HotJava

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For the productivity software suite, see HotJava Views.
HotJava
MainPage-HotJava3-Optim.png
HotJava 3.0 under Windows XP.
Developer(s) Sun Microsystems[1]
Initial release 1.0, 1997[1]
Discontinued 3.0
Written in Java[1]
Available in English
Type web browser
Website www.oracle.com/technetwork/java/index-136232.html

HotJava (later called HotJava Browser to distinguish it from HotJava Views) was a modular, extensible web browser from Sun Microsystems implemented in Java. It was the first browser to support Java applets, and was Sun's demonstration platform for the then-new technology.[2] It has since been discontinued and is no longer supported. Furthermore, the Sun Download Center was taken down on July 31, 2011, and the download link on the official site points to a placeholder page saying so.[3]

Origins[edit]

In 1994, a team of Java developers started writing WebRunner, which was a clone of the internet browser Mosaic. It was based on the Java programming language. The name WebRunner was a tribute to the Blade Runner movie.[4]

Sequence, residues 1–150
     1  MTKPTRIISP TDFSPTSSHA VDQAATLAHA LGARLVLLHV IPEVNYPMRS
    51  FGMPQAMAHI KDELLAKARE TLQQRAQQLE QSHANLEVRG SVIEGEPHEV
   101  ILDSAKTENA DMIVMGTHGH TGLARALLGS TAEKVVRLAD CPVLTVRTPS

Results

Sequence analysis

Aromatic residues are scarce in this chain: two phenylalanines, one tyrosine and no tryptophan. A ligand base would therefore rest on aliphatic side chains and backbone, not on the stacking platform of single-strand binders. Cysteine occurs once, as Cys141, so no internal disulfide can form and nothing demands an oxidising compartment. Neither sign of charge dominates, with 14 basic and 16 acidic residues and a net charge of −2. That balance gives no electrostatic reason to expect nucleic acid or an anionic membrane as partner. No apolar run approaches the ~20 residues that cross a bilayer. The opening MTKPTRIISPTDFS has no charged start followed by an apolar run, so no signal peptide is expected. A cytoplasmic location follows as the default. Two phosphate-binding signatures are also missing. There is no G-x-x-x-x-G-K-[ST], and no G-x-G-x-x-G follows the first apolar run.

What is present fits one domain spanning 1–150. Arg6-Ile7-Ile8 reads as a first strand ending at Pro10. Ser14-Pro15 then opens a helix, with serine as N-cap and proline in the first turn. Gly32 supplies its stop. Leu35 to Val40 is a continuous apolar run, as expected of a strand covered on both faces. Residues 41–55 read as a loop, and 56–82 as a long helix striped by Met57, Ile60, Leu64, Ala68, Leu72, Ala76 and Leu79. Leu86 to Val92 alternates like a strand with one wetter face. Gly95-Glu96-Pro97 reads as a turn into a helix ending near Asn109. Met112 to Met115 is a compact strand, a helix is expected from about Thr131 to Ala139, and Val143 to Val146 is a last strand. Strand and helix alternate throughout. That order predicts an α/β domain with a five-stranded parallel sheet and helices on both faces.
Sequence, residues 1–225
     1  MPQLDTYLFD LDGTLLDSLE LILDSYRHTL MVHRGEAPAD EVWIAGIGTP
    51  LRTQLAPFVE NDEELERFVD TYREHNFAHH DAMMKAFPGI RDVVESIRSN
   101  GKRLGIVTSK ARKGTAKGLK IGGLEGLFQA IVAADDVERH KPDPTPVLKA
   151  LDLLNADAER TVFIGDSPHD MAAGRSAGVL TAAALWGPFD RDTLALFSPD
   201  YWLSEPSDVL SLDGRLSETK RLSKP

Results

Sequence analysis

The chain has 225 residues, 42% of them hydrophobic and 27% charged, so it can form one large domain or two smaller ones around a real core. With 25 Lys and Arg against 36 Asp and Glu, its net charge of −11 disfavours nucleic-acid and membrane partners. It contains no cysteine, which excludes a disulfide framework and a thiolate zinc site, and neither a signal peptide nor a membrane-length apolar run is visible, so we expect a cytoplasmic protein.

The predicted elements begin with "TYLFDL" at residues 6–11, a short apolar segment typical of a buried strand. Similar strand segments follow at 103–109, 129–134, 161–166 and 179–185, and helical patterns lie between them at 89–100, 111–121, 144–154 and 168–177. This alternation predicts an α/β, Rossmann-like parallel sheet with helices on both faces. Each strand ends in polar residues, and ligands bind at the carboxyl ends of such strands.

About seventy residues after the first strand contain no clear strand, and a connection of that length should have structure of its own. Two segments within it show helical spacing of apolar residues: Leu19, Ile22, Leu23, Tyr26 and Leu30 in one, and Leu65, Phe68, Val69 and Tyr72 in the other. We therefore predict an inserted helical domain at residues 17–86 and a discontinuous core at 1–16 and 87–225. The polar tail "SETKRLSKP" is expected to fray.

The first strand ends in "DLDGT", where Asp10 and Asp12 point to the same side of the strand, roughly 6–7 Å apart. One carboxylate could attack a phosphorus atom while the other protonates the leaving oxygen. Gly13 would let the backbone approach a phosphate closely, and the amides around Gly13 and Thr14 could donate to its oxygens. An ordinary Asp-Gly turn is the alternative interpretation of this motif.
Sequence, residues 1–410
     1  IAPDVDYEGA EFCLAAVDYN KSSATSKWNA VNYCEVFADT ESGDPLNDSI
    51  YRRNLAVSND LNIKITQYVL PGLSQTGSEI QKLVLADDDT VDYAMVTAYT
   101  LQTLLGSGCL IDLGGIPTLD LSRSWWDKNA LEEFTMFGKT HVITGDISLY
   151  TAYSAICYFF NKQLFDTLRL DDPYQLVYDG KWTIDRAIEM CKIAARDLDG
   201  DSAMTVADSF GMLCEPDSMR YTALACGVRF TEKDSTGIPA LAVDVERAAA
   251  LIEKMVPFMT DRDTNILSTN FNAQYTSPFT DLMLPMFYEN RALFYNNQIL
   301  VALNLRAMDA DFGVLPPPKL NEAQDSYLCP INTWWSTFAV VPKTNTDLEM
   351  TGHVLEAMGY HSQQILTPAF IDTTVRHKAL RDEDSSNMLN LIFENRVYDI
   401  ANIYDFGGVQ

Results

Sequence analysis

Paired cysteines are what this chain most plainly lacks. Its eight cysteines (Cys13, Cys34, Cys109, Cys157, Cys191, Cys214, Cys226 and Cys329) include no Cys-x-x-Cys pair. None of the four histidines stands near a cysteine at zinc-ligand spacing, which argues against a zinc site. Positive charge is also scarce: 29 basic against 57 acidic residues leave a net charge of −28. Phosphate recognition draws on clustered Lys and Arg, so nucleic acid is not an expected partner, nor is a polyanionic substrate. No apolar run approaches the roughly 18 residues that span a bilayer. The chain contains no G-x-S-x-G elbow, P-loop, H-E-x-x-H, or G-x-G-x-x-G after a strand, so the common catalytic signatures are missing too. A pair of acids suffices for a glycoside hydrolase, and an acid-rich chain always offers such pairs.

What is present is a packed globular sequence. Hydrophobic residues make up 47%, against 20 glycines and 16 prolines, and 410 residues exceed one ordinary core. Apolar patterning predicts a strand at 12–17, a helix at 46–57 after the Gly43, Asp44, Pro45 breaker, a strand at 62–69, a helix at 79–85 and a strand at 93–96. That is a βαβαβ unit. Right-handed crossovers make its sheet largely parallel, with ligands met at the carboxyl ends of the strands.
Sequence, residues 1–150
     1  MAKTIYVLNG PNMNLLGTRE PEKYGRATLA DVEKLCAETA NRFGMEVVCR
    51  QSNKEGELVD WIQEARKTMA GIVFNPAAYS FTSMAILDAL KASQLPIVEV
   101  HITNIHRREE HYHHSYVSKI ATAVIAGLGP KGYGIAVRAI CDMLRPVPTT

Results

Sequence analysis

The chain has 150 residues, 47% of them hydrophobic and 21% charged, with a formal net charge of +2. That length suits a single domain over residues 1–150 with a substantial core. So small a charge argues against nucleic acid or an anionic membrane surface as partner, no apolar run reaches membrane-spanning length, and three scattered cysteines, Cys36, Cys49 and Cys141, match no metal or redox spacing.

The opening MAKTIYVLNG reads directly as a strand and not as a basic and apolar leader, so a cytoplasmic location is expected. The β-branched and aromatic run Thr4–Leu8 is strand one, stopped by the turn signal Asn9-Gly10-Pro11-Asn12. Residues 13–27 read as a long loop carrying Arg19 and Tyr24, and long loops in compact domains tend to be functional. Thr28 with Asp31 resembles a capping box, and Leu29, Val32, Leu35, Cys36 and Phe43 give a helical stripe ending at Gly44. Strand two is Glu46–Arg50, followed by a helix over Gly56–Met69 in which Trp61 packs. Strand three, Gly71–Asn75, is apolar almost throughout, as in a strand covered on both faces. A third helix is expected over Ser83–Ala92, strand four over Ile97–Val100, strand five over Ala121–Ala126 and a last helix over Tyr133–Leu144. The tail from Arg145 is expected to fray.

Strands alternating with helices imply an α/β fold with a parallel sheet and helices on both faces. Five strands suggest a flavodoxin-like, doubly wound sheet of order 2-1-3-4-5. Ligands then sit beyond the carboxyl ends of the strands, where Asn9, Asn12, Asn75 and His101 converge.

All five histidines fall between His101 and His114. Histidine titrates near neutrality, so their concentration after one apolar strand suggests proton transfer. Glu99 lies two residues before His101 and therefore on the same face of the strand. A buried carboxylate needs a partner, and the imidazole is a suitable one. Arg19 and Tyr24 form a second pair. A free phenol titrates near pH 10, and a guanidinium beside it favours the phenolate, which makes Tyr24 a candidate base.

WebRunner's first public demonstration was given by John Gage and James Gosling at the Technology Entertainment Design Conference in Monterey, California in 1995. Renamed HotJava, it was officially announced in May the same year at the SunWorld conference.

The parser code was reused by the standard Java libraries.[5]

Usage[edit]

HotJava had somewhat limited functionality compared to other browsers of its time.

More critically, HotJava suffered from the performance limitations of Java virtual machine implementations of the day (both in speed and in memory consumption) and was consequently quite slow.[6]

See also[edit]

References[edit]

  1. ^ a b c Rakitin, Jason (27 October 1997). "Review: Alternative Web browsers". Network World Fusion. Archived from the original on 5 October 2001. Retrieved 16 August 2010. 
  2. ^ Watson, Dave (21 July 2001). "A Quick Look at HotJava". The Southern California OS/2 User Group. Retrieved 16 August 2010. 
  3. ^ "Sun Download Center decommission". Oracle Corporation. Retrieved 29 August 2011. 
  4. ^ Byous, Jon (1998). "Java Technology: An Early History". Sun Microsystems. Retrieved 24 November 2010. 
  5. ^ HTMLEditorKit API documentation for Java 1.4.2 - "The default parser is the Hot Java parser".
  6. ^ Web performance tuning, Patrick Killelea, Edition 2, O'Reilly Books, 2002

External links[edit]